As the work has progressed, though, God has added to their number. Recently, during another stage of community checking, the team met a young woman called Yoke, whose intelligence and awareness of the nuances of her language made her a valuable addition to the team. After two weeks of checking translated Scripture, Jock invited her to join the Dobel team. Among other things, she is now involved in producing the first drafts of the translation.
As Yoke has worked on the Dobel Bible translation, she has seen God’s word change her: ‘Previously, my character was bad. If I bought anything to share, I wouldn’t share it with my family…But now, since I’ve been working on translating God’s word, when I get things, I share them with all my family and I share them with people outside the family, too.’ She has also seen God at work in her sister’s life, and in the wider community.
The old reluctance to use languages other than Indonesian in church is giving way to expressions of faith in the languages people know best. ‘I heard one of the people here praying in our own language,’ says Yoke. ‘It made me very emotional…in the past people have only prayed in Indonesian, so hearing them reading God’s word and praying in my own language made me cry.’
‘Sing to the Lord a new song,
his praise from the ends of the earth,
you who go down to the sea, and all that is in it,
you islands, and all who live in them.’
– Isaiah 42:10
One Wycliffe member describes how the Pacific Ocean around Indonesia is a bit like the Bible. It contains many wonderful and beautiful things that can only be discovered by diving deep under the water. For many people, he explains, reading the Bible in Indonesian is like swimming at the surface of the water. But when they experience it in their own language, they can dive deep into the truth of God’s word and discover precious treasure they never knew was there. Jock has confirmed this to be the case in the Aru Islands as more and more Scripture has become available in Dobel: ‘People have said on numerous occasions, “Oh, that’s what it means. Now I really understand what this is about.”’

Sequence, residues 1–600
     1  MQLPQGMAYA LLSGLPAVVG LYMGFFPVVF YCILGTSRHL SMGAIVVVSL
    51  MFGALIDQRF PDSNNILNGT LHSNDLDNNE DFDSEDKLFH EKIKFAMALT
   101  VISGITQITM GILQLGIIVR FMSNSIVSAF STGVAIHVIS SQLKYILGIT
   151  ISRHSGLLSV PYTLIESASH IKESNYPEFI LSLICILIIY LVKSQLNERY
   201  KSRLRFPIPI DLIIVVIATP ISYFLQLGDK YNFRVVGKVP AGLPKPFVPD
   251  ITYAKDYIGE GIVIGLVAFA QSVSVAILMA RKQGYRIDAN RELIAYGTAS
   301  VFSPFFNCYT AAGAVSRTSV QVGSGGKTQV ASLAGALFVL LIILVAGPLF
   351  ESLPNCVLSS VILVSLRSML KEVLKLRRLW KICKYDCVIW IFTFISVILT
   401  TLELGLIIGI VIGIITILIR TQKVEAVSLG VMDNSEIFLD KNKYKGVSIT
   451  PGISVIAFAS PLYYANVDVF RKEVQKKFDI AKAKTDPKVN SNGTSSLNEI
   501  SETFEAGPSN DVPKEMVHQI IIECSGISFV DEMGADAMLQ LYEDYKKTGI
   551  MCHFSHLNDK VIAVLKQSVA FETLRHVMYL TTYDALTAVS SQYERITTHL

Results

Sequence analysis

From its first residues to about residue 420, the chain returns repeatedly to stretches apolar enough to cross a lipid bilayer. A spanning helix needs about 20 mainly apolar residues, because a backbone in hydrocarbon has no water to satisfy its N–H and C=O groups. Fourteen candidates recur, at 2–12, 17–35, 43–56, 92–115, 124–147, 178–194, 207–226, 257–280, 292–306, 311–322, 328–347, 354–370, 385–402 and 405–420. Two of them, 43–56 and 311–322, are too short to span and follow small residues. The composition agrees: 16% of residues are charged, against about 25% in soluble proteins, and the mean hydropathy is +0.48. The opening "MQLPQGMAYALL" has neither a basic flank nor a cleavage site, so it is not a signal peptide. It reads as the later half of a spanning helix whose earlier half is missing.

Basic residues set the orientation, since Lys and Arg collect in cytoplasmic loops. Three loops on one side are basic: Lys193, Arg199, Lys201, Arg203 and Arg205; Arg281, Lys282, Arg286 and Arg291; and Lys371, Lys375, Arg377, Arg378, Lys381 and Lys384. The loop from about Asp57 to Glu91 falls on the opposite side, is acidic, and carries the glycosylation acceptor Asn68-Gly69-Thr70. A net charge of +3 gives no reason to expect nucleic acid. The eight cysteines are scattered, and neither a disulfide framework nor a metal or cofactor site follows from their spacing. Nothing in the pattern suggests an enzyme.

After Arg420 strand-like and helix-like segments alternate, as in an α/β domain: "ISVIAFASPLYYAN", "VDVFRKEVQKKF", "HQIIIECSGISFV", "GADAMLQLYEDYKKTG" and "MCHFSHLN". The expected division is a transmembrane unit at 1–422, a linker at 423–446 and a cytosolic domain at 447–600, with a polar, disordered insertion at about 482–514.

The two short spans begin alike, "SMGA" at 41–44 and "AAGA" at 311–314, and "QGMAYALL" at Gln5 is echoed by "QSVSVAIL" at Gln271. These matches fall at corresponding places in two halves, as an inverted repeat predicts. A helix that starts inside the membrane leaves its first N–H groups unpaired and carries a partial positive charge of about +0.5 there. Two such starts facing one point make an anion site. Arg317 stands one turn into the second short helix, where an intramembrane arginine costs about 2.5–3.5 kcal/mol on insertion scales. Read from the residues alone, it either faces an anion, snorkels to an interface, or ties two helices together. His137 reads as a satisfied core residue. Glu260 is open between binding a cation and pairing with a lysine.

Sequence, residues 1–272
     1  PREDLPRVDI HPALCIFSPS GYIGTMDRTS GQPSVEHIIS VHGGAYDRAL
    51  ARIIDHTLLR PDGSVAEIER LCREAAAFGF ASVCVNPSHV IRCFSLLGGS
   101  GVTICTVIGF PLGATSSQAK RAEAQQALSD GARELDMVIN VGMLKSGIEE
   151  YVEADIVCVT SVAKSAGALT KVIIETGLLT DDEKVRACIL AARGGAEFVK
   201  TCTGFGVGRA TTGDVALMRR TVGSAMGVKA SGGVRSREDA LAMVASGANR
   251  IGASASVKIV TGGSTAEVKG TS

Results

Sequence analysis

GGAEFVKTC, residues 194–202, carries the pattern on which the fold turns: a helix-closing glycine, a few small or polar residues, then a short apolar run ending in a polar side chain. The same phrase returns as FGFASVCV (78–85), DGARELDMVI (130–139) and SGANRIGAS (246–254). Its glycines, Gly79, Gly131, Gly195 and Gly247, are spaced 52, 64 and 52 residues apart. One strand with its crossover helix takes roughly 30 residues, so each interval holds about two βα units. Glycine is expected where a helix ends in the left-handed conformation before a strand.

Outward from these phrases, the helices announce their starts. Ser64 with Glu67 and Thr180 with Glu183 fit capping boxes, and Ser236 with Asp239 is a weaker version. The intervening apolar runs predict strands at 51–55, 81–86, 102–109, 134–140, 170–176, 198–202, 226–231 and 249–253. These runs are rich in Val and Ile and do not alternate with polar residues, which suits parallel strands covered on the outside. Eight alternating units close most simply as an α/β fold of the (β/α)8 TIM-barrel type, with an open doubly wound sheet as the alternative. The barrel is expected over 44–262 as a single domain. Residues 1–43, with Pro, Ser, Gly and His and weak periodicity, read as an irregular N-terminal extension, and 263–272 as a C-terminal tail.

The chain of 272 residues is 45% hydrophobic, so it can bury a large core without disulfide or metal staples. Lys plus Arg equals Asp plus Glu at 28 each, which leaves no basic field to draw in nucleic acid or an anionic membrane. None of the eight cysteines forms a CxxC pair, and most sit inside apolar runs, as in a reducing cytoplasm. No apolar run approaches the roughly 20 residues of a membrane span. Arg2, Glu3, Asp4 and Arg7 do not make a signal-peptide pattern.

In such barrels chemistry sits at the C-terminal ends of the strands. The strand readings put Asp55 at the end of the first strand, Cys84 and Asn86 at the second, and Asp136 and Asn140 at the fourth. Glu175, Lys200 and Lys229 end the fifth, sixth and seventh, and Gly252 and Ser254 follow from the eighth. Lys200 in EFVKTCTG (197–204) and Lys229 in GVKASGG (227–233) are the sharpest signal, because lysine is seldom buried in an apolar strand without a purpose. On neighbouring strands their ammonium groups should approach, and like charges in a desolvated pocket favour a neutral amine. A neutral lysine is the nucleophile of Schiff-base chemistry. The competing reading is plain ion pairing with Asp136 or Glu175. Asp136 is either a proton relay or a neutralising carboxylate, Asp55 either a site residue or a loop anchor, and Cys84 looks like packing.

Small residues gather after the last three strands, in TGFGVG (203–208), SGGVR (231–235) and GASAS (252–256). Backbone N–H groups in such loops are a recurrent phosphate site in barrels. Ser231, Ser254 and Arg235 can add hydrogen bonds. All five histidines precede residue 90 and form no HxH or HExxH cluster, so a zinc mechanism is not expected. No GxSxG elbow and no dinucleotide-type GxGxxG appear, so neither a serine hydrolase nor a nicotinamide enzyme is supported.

A new dream
It has been over 30 years since Eka first dreamt of Jesus reaching out and calling him to follow. The meaning of his dream now seems clear, but the full extent of God’s plan for Eka and his people has yet to be revealed. The New Testament in Dobel is in sight – the aim is to launch it in 2023 – and when we see what God is already doing in the life of this community, we can’t help but join with them in eager anticipation of how he will use the Dobel New Testament to draw many more people to him. And even this is not the end. We pray that the Lord will raise up more Dobel men and women with a passion for his word so that the next generation can continue this work and so that one day Dobel speakers will have the whole Bible in their own language.
In the past, many people in the area felt distant from God. Now, in the words of one Dobel-speaking man, ‘We speak to God in our own language. We don’t have to talk for long, because he hears us straight away.’
Bryony Lines / Camilla Lloyd
This story originally appeared in Words for Life, our magazine, which comes out three times a year. Sign up for Words for Life here or find out more about the Aru project below.